Several years later, the U.S. watchmaking industry was earning fame worldwide for making great strides in industrialized watch manufacturing. Francillon sent Jacques David to the 1876 World’s Fair in Philadelphia to garner new ideas and strategies from the Americans. Upon returning, David wrote a comprehensive 108-page report on what he’d learned about American watch production. Essentially, this report is considered one of the most significant documents in watchmaking history. It detailed the inner workings of American watch factories, including the entire production process from raw materials to finished watches. Additionally, David also shared the highly-effective internal structure and quality control measures implemented in these factories. In his analysis, David concluded the Swiss watchmaking industry needed to change significantly to keep pace with American competitors.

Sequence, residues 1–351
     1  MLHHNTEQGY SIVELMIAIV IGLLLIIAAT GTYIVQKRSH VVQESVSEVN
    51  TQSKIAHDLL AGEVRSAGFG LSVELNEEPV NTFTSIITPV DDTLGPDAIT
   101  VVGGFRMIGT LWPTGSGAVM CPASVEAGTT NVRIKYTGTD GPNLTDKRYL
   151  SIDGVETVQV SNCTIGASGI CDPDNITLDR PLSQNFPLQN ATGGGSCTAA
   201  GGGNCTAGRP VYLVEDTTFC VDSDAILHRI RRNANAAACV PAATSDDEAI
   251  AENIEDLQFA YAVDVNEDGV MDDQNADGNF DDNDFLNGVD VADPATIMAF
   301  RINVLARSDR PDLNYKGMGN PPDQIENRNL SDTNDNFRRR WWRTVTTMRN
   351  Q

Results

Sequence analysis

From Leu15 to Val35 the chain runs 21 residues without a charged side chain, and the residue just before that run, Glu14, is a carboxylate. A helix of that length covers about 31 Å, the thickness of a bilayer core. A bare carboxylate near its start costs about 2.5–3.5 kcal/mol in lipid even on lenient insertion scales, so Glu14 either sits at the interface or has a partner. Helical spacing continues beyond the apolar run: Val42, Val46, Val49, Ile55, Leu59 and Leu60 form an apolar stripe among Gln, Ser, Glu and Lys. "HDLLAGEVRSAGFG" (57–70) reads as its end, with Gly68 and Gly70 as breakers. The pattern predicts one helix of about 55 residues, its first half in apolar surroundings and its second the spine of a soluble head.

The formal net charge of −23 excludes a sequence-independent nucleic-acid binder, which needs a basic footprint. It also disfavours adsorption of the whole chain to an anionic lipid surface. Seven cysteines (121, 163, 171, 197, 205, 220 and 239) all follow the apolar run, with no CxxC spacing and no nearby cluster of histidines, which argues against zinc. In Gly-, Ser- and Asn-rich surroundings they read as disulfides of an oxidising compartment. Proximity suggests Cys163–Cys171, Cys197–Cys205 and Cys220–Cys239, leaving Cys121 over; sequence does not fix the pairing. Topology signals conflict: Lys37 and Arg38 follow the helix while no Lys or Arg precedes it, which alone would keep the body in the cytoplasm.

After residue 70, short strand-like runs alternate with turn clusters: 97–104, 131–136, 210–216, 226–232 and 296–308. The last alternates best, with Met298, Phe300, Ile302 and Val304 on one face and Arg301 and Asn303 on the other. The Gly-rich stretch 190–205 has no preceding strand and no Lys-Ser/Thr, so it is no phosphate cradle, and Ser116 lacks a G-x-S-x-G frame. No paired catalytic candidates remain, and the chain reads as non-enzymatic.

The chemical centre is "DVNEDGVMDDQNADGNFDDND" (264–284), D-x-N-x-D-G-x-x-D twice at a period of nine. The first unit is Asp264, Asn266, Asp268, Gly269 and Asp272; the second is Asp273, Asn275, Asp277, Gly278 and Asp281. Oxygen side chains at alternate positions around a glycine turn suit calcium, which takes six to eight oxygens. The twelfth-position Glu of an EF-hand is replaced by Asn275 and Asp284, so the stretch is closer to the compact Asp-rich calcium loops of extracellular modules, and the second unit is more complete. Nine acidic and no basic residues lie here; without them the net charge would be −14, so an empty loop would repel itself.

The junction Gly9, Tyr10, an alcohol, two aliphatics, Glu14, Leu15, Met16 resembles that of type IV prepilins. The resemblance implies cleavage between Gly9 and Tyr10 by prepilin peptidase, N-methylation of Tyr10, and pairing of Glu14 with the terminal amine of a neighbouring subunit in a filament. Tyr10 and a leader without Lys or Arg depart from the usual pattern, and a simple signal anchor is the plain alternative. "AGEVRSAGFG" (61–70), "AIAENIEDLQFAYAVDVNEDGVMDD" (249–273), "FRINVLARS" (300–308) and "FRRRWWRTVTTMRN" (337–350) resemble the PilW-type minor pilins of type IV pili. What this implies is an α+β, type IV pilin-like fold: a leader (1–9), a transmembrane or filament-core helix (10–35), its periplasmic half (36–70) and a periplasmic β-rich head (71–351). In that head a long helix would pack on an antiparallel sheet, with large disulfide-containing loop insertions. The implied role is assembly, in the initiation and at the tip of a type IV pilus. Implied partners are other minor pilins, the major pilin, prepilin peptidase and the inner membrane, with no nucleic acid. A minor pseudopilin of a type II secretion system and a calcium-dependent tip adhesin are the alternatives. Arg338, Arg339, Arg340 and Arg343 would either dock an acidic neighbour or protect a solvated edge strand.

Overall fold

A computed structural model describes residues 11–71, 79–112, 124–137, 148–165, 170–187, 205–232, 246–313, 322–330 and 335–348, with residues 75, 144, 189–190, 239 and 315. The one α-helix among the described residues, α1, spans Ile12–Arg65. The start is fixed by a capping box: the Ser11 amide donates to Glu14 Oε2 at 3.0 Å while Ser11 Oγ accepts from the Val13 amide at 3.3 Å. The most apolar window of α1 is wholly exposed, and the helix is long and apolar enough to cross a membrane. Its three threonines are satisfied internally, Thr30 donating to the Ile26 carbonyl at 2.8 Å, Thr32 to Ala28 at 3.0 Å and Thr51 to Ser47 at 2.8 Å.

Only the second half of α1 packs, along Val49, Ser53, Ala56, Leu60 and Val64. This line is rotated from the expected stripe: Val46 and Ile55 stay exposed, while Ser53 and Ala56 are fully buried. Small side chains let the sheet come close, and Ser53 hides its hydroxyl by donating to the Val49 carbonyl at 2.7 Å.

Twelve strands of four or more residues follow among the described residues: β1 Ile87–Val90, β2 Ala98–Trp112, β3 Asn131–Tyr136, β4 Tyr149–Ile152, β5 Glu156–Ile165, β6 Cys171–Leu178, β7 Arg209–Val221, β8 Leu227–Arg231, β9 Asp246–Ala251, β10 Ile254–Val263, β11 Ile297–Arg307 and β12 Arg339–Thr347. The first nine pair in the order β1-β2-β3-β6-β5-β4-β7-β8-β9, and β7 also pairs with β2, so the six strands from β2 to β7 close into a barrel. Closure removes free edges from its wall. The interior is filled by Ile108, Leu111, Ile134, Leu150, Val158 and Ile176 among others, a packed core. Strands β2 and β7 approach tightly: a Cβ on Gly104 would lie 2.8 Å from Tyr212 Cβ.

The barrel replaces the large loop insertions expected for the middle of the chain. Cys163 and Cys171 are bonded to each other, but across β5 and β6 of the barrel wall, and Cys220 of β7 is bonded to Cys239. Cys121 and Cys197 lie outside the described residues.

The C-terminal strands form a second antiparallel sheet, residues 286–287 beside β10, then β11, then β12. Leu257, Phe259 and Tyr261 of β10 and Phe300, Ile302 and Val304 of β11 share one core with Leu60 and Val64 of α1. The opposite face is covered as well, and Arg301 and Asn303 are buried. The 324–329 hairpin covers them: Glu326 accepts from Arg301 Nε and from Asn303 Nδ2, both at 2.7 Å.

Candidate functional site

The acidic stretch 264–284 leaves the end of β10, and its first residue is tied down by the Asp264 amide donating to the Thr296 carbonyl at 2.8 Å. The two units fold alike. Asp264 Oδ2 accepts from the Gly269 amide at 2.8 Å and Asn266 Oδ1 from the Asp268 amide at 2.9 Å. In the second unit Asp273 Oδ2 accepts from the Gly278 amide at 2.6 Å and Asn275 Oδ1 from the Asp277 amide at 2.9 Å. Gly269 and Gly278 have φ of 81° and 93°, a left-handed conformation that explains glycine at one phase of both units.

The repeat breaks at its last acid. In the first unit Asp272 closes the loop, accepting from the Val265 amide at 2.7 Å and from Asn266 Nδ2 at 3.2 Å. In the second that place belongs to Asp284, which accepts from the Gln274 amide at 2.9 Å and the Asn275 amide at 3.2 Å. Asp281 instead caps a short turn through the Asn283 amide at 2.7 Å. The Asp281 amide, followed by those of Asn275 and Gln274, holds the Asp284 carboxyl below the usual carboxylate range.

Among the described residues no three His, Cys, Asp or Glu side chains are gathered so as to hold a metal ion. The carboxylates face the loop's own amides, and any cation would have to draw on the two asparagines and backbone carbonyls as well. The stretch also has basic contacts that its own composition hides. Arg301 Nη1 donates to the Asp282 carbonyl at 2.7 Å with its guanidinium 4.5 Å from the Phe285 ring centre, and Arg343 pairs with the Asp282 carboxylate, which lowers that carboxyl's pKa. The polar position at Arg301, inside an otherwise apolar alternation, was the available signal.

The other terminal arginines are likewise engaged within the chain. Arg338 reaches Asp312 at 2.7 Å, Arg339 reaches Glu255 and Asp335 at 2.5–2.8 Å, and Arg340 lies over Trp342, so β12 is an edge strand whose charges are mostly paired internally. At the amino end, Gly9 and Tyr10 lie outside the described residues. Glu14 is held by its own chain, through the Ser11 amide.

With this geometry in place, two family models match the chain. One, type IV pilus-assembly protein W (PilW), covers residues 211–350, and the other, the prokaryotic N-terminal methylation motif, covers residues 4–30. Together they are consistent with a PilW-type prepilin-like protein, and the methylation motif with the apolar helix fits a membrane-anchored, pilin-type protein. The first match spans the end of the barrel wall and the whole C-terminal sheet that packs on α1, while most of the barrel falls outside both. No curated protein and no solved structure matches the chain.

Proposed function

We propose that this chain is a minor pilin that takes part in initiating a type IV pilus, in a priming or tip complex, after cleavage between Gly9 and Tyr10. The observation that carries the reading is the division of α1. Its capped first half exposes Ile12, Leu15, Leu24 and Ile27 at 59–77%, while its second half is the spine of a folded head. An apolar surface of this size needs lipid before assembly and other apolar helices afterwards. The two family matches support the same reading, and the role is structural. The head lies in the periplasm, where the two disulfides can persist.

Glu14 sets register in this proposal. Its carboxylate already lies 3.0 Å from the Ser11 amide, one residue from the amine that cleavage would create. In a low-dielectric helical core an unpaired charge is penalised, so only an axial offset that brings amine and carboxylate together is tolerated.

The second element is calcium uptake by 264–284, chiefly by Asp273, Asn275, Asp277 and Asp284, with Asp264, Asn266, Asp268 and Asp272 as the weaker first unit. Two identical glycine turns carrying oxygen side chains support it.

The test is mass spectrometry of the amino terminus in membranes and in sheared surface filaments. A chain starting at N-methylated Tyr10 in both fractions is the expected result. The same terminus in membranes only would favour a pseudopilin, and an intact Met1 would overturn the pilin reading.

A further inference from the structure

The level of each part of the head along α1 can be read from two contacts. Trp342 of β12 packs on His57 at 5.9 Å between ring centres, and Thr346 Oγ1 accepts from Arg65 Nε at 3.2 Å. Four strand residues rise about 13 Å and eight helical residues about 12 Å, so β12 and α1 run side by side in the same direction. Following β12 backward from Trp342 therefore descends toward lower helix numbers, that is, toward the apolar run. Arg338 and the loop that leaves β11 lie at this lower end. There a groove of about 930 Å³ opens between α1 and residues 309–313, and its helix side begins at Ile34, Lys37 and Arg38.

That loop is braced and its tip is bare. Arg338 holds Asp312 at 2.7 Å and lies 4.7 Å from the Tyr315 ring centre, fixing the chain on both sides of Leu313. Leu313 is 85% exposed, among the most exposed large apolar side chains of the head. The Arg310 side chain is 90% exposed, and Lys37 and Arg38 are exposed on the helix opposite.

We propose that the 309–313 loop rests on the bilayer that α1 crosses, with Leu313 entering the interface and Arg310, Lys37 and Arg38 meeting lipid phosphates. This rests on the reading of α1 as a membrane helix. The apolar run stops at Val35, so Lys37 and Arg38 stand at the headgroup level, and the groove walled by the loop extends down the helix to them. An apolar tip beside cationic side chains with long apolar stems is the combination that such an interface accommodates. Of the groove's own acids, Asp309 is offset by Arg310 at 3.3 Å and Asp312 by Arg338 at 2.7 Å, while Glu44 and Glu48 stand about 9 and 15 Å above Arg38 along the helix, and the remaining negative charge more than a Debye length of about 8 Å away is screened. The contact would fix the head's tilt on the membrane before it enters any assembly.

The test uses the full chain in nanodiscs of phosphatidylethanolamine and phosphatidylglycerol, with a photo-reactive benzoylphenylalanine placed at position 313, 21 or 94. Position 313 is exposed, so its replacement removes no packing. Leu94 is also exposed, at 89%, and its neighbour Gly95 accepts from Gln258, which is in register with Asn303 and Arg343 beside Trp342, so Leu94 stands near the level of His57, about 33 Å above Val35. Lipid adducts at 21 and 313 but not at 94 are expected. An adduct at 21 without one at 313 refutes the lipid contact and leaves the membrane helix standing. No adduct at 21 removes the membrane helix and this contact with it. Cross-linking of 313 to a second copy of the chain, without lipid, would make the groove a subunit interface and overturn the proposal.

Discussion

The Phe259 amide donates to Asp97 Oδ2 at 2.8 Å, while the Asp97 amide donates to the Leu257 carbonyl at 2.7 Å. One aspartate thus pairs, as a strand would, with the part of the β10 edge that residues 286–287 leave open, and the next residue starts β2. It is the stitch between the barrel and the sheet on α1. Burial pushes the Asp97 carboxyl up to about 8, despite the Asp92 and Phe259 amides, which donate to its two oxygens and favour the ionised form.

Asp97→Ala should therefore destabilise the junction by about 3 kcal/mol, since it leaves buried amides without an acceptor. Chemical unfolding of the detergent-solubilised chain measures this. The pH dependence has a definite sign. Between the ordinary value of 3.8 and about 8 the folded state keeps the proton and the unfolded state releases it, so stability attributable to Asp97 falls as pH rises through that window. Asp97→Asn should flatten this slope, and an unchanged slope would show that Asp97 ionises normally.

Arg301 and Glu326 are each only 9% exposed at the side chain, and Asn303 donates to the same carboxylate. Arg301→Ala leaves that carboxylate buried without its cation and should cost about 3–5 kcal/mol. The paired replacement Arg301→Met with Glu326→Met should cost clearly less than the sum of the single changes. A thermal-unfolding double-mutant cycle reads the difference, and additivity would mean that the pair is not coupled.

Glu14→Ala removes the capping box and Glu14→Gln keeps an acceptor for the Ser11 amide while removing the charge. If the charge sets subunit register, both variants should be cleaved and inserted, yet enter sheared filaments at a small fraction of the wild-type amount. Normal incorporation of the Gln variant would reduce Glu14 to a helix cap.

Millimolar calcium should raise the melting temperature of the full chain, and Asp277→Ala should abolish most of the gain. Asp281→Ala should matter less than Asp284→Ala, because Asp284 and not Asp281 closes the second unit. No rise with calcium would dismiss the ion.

In 1878, Longines developed its first chronograph movement, the 20H. It was a “mono-pusher” chronograph, in which all 3 chronograph functions- start, stop, and reset – were controlled via the crown. With the 20H, Longines could produce stopwatches suitable for precise timing in professional events. This was when Longines began building its reputation in equestrian sports such as horse racing and jumping.
By 1880, Longines was known for the quality and precision of its timepieces. To Francillon’s dismay, the brand became a target for counterfeiters looking to pass off cheaply-made watches as genuine Longines products. “Knock-offs” of Longines were not only directly stealing business and revenue from Francillon, but also potentially damaging his company’s reputation. So Francillon made the wise decision to trademark the Longines name in 1880, and distinctive winged hourglass logo in 1889. By 1886, Longines had already established itself as a primary supplier of timing equipment for most New York sporting officials.